~ The family-pleasing flavors of chicken fajitas, in a simple baked casserole! Bonus: the base is super-healthy quinoa, with no pre-cooking needed! Seriously delicious, and soooooo easy! ~
This Recipe Is: • Gluten Free •
Hark, tiny quinoa, how I doth love thee …
Oh dear … I just remembered I’m not a poet.
But this quinoa bake, with its genius no-cook method. Well, I kinda felt like I wanted to write it an ode … or something like that. (Is an ode Shakespearean? I was for sure not good at Shakespeare.)
Maybe a limerick? We learned those in … what … first grade? That seemed manageable. But first grade was a looooong time ago, and I couldn’t recall if limericks have five lines … or three … And do they always involve leprechauns and rainbows and kittens, or do I only think that because that’s what you write about when you’re in first grade?
We’re just gonna tackle the subject of the incredible fabulousness of this quinoa straight-up. Got it? Are you with me???? (Really … say yes … as you recall I’m admittedly terrible with poetry!)
So here’s why this really deserves an ode …
It’s kinda magical. As in, if you did write it an ode, there probably should be rainbows and leprechauns … it’s magical, I tell ya!
And all because you get to skip an ENTIRE cooking step! I know, right!?!? How cool is that!?!
You don’t have to pre-cook the quinoa!
Just dump it into the baking pan and the magical quinoa takes care of the rest. (While you go help with converting fractions or memorizing multiplication tables or reminding the kiddos about the household no bickering policy). Niiiiiiiice!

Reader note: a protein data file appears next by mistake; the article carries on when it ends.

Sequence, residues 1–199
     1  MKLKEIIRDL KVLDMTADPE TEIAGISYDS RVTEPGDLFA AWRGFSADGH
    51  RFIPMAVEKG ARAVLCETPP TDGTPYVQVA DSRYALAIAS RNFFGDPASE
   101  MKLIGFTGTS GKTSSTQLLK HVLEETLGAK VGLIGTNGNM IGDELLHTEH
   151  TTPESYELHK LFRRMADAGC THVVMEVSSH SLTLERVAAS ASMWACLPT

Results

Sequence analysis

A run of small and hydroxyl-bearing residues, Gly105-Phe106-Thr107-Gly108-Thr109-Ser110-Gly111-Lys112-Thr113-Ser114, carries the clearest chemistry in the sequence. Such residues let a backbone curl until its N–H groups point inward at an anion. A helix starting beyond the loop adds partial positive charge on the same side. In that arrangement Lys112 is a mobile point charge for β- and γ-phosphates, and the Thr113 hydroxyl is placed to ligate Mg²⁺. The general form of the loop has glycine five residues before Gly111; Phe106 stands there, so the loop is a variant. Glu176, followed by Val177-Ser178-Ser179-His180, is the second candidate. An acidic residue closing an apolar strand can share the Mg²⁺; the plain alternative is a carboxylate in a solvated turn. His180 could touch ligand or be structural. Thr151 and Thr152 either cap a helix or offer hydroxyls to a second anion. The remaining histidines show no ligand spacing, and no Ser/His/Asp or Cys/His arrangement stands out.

When it occurred to me to try this, I wondered if it would actually work, and why (if it did work) I hadn’t come across more recipes that used this method. It seems so logical, right? If you can bake pasta without pre-cooking it (hint hint … wait’ll you check out the upcoming post about that!) well, then why couldn’t quinoa work the same way? (These are the kinds of questions that keep food bloggers awake at night.)
If you follow THK, you know we did a big ‘ole post about all the ins and outs of cooking quinoa. In fact, it’s the most popular thing we’ve ever posted – no kidding! So, I’ve done a fair amount of research and testing when it comes to my friend quinoa.
Still, I was so excited about the no-pre-cooking idea. Why hadn’t I seen this before? (Why, oh why, hadn’t I tried it before???) After all – you, my THK friends, know that we loooooove to skip steps if it makes more time for fractions and multiplication tables, right!?!?
So I gave it a try. What better way to see what would happen?
I was actually shocked (and ridiculously excited) to find that … IT WORKED! Like a charm, actually! Or, well, (wait for it …) like MAGIC!
You can bet you’ll be seeing more no-pre-cooking quinoa bakes from Two Healthy Kitchens in the future. Why? Because they’re so gosh-darn easy! Not to mention totally jam-crammed with nutrition!
This fajita version was a total home run at my house. All the family-friendly flavors of chicken fajitas, in one super-easy casserole – no tortillas or messy jamming-the-fillings-into-a-wrap needed. It’s the kind of meal where you keep scooping a tiny bit more onto your plate … and then just a tiny smidgen more … and then maybe just a little …
Because it’s too good to stop eating.
Oh, and also magical. With rainbows.